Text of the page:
Employees pay the price for firms’ overexpansion. Déjà vu?
So, Zoom’s CEO has taken the heat for the situation the company currently finds itself in.
Sound familiar? Well, recent headlines have been filled with tech firms admitting their rapid growth during the pandemic has resulted in layoffs, hiring freezes and job offers being pulled.
Just last month, Spotify’s CEO Daniel Ek admitted he had been “too ambitious” in growing the company during the pandemic. Consequently, the firm had to slash six percent of its workforce - approximately 600 employees - to rein in costs.
There have also been thousands of layoffs at tech giants including Google’s parent company Alphabet (12,000 cuts) Amazon, (18,000) Microsoft (10,000) and Meta, (11,000).
‘This isn’t accountability... it’s emotional manipulation’
Yuan is not the first CEO to have sparked a debate with their attempt to convey how much they’ve been affected by making staff redundant have
In August 2022, Brendan Wallake, the CEO of social media marketing agency Hyper Social, went viral for posting a photo of himself crying, alongside a post revealing that he had to lay off a number of staff after he scaled up his business too quickly.
He was quickly dubbed ‘The Crying CEO’ and his post sparked a fierce debate about bosses making public declarations of sadness and support for the employees they’ve just terminated.
Speaking about the Wallake situation at the time, Kristin Dell’Orso, a trauma therapist, told HR Grapevine: “Accountability is great, it's crucial for any kind of growth and recovery. This, though, is not accountability, but rather emotional manipulation. The selfie is truly a next-level manipulation tactic. I see this sort of behaviour among abusive parents who want their children to pity them for the abuse they committed.”
She continued: “This is not how you rectify your mistakes, sir. Public declarations of ‘love’ may or may not be genuine, but either way, the end goal is managing your image, not supporting the people you've wronged. What actions are you taking to repair the harm you've done? This doesn't count.”
How to properly support employees during difficult times
As a CEO earning unfathomable amounts more than the average worker, posting a statement about your own sacrifices is about the least productive show of support possible.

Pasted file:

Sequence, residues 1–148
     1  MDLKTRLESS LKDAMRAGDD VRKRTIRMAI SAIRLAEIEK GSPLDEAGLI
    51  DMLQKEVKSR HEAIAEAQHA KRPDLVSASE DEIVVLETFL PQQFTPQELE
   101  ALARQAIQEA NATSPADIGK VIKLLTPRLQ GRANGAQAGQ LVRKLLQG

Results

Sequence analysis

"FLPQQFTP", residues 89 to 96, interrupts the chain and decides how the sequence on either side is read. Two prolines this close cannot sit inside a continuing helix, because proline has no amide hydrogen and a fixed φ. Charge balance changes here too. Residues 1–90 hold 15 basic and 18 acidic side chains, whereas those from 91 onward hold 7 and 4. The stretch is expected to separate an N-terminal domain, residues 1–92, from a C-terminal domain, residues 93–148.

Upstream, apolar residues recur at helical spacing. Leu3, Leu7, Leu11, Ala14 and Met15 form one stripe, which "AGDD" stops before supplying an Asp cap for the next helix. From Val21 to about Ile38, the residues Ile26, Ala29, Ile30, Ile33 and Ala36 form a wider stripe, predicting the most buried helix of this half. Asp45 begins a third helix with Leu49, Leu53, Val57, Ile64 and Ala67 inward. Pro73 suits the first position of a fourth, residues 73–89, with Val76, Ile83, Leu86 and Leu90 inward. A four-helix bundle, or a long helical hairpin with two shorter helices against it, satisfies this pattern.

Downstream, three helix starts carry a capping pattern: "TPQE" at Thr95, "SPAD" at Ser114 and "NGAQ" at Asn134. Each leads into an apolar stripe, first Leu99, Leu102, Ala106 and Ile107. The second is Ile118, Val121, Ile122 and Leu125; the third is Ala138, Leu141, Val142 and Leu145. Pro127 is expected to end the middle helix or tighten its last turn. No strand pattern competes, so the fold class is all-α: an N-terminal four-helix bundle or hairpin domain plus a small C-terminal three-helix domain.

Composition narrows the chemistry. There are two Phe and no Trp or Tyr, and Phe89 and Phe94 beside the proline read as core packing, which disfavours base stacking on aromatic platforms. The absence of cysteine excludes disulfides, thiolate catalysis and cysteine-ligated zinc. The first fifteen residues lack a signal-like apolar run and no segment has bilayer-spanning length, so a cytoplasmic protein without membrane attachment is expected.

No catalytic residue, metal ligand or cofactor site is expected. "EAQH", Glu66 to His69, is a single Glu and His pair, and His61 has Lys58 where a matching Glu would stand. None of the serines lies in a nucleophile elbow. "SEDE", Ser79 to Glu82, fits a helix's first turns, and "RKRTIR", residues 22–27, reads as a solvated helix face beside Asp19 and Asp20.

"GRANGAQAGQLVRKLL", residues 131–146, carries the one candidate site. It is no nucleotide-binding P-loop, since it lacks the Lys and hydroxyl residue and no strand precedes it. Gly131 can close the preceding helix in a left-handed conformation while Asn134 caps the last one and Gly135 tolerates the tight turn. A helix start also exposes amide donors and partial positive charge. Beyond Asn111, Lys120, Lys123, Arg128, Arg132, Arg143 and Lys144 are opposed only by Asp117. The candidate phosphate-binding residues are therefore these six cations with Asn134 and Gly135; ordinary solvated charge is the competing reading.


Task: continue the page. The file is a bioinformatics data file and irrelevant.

So, what can leaders do to genuinely show compassion and support for their outgoing workforces?
Tina Hyland, Employment Law Adviser and Solicitor at WorkNest, recently told HR Grapevine: “2023 is going to be a challenging year.
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“Unfortunately, this does mean employers will be looking to make some difficult decisions, such as making redundancies or restructuring the workforce, as staffing costs are usually a significant expense for a business. Suppose that’s an avenue they decide to take; in that case, employers must be prepared to negotiate with employees to ensure they receive a fair deal.
“We highly recommend businesses reduce the chances of making any employees redundant by making alternative choices where possible, including implementing pay freezes or reducing benefits. However, each option comes with its own risk, so obtaining proper legal advice is critical in making the right decision for your business while minimising the negative impact on employees.
“Unfortunately, in the context of the recession, any cuts inflicted on employees due to employers’ decisions, such as restructuring or pay freezes, may be detrimental to employee’s mental health, especially with further worries to their financial wellbeing throughout this time. Supporting employees with additional benefits that might be available to them already, including Employee Assistance Programmes to retailer discounts, could help improve an employee’s bottom line in other ways.”